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The Pied Piper–Robert Browning

When Robert Browning (no relation) wrote his verse version of “The Pied Piper of Hamelin,” he did not originate the tale, instead latching onto a legend already more than 500 years old by his day. The story, of course, is well known. The town of Hamelin, suffering terribly from an infestation of rats,plays host to a man, clad in two-colored clothing, who offers to rid the place of its vermin. The town fathers readily agree to his price, and the piper hastily pipes the rats into the nearby river. When the town refuses to pay their full bill, the piper returns and pipes away nearly all of the children.

So what sort of story is this? Browning viewed it as a children’s story, yet it seems a strange fit for that. What child delights in a story of being abducted due to the poor business dealings of one’s parents?

Also, the overall tone of Browning’s poem seems ill-suited to the rather frightening subject matter, as the second stanza will readily reveal.

They fought the dogs and killed the cats,
And bit the babies in the cradles,
And ate the cheeses out of the vats,
And licked the soup from the cooks’ own ladles,
Split open the kegs of salted sprats,
Made nests inside men’s Sunday hats,
And even spoiled the women’s chats,
By drowning their speaking
With shrieking and squeaking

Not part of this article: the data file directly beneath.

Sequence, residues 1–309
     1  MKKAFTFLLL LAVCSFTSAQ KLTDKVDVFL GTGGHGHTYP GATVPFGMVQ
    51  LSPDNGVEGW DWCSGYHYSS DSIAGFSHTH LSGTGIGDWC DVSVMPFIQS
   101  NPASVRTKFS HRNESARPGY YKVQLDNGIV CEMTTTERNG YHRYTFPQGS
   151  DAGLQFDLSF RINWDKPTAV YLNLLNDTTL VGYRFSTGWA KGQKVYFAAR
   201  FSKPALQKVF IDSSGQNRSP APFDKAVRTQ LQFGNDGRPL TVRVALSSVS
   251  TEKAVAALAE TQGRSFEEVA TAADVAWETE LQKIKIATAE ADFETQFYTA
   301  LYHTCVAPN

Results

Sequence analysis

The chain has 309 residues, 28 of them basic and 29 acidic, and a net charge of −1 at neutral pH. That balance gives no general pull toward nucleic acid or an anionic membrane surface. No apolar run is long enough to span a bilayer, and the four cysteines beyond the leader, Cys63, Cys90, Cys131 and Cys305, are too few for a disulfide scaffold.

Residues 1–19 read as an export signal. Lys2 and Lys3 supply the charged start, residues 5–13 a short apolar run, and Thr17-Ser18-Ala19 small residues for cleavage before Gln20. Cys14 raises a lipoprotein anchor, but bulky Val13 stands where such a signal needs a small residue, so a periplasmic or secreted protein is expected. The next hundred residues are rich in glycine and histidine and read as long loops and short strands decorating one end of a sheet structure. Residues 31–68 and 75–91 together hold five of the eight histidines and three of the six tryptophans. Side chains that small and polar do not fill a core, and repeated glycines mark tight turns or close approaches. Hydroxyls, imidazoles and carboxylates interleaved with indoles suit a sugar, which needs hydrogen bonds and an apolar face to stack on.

In fifty different sharps and flats.

How can Browning, a father of his own child, think that such a flippant tone and such heavy subject matter is acceptable for a child’s poem? That’s an intriguing question for which I don’t have an equally intriguing answer. However, we should recall that kids seem perpetually drawn to the weird and the morbid. Perhaps it is simply the parents who cannot deal with such matters.

The Piper appears as a sort of anti-Christ figure. In this, I do not mean an Antichrist in the sense of standing against Christ. Instead, I would suggest that he does somewhat the opposite of Jesus. Rather than saving the townspeople despite their sins against him, the Piper punishes them in a way more far-reaching than they might have ever suspected. The Piper delivers the town from corruption and filth in the form of the rats, yet the town does not deliver the agreed upon fee. In a hurry to return to Baghdad, the Piper then immediately pipes away the children, taking in one act the innocence and the future of the town.

Posted in English Literature, Victorian.

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